Singapore's consumer price index for all items remained lower in April, clocking in at 0.4 per cent compared to 0.7 per cent in March. According to the joint statement by the Monetary Authority of Singapore (MAS) and the Ministry of Trade and Industry, the easing in consumer prices was due to the 6.7 per cent decline in accommodation costs, falling further from the 4 per cent slump in March.
Meanwhile, actual and imputed rentals declined at the same rate as in the previous month, with the cost of housing maintenance & repairs falling sharply. This is on account of base effects associated with the timing of the disbursement of Service & Conservancy Charges (S&CC) rebates.
The negative contribution of accommodation costs to CPI-All Items inflation was offset by a robust 18.7 per cent increase in the cost of electricity and gas, coming up from the 4.2 per cent growth seen in March. This reflected a steeper uptick in electricity tariffs on the back of higher global oil prices.
Also registering growth is the private road transport inflation, which was up slightly to 7 per cent from 6.9 per cent in March. This is attributable to the faster pace of increase in car and petrol prices.
Services inflation also edged up a little to 1.7 per cent, thanks to the higher telecommunications services fees that followed price declines in March.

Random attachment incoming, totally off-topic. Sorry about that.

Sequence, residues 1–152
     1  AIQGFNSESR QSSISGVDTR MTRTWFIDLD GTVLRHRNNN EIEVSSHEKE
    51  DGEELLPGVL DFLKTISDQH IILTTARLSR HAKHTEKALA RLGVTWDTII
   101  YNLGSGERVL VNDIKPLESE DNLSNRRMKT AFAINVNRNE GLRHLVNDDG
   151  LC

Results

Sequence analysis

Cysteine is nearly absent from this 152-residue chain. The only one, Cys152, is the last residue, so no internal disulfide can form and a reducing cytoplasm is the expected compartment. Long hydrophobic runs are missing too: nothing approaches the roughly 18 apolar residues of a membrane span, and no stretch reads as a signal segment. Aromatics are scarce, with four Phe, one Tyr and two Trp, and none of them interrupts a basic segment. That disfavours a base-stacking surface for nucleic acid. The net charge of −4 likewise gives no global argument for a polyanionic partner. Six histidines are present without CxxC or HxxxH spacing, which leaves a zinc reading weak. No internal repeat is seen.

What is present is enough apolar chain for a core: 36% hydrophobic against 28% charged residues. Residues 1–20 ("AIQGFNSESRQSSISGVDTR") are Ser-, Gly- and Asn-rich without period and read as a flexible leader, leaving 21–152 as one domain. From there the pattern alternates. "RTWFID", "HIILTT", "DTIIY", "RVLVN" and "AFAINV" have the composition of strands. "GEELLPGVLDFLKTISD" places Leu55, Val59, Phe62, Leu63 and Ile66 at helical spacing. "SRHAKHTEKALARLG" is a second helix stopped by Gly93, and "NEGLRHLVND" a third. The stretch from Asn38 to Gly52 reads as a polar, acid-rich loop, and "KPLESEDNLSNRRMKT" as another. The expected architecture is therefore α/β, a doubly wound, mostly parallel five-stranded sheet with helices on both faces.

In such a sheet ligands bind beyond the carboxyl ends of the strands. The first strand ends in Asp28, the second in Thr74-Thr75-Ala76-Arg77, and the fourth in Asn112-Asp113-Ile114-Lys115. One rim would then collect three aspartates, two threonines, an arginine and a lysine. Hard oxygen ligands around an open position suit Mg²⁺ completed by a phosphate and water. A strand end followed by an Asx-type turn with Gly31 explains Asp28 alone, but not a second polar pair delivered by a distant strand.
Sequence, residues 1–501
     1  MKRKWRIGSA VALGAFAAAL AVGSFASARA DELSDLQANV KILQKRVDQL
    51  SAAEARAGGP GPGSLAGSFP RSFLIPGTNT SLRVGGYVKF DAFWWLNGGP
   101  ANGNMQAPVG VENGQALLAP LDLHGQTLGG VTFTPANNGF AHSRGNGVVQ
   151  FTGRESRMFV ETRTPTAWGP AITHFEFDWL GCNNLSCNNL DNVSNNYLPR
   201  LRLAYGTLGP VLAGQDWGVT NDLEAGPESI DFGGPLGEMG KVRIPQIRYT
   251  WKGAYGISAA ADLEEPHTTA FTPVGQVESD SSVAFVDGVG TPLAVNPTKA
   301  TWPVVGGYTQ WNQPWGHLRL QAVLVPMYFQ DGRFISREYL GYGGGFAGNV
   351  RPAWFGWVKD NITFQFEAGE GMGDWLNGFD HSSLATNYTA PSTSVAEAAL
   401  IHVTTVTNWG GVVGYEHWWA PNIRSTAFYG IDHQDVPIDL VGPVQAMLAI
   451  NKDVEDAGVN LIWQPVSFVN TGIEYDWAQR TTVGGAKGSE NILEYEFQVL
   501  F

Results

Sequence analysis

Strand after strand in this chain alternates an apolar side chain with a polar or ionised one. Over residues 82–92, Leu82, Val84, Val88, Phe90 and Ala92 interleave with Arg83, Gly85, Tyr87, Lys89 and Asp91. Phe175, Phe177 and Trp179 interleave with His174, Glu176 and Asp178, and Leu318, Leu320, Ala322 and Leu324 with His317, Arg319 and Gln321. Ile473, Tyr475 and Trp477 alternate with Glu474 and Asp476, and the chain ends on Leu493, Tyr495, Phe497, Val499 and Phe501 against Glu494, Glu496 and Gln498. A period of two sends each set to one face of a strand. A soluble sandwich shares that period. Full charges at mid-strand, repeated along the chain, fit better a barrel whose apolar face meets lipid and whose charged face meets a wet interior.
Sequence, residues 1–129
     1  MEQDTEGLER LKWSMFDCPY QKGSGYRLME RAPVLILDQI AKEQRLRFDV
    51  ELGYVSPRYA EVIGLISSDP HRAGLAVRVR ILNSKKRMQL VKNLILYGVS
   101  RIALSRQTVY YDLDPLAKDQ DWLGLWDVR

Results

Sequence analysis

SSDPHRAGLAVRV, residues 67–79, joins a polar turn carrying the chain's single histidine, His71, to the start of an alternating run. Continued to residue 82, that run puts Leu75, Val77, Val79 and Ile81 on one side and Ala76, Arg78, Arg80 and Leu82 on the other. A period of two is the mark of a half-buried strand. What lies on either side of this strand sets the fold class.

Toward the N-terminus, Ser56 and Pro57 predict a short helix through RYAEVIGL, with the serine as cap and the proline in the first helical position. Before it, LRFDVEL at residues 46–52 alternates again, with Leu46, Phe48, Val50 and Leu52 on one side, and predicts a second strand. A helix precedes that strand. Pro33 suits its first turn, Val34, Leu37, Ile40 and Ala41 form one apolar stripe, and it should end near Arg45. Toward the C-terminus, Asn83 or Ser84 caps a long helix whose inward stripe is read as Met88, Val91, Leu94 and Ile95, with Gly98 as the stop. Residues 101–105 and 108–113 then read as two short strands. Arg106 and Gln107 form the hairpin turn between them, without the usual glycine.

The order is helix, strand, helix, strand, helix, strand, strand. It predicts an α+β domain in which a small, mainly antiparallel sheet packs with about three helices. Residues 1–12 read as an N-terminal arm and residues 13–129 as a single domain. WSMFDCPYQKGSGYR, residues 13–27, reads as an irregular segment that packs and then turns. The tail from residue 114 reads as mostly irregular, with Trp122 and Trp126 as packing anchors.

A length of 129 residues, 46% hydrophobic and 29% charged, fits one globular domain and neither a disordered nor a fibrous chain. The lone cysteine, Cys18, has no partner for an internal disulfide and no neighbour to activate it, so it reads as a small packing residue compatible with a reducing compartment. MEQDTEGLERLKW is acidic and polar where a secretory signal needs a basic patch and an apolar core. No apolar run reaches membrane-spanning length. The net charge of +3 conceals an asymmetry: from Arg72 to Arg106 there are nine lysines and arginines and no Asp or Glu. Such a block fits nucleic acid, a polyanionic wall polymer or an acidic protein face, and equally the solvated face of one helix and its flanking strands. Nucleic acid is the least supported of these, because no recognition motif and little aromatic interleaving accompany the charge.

Food inflation ended the month secured with 1.3 per cent growth, as the rise in non-cooked food inflation was offset by the smaller increase in the prices of prepared meals.
On the core basis, MAS Core Inflation rose 1.7 per cent, higher than the 1.2 per cent in the previous month. This reflected the stronger pickup in the cost of electricity and gas.
MAS expects core inflation to average 1 per cent to 2 per cent for the whole year, up from 2016's 0.9 per cent. For CPI-All Items inflation, projected growth is at around 0.5 per cent to 1.5 per cent, a significant improvement from a negative growth of 0.5 per cent last year.
"The projected pickup in inflation can be attributed to the positive contribution of energy-related components and the impact of administrative price increases, rather than generalised demand-induced price pressures," MAS said in a statement.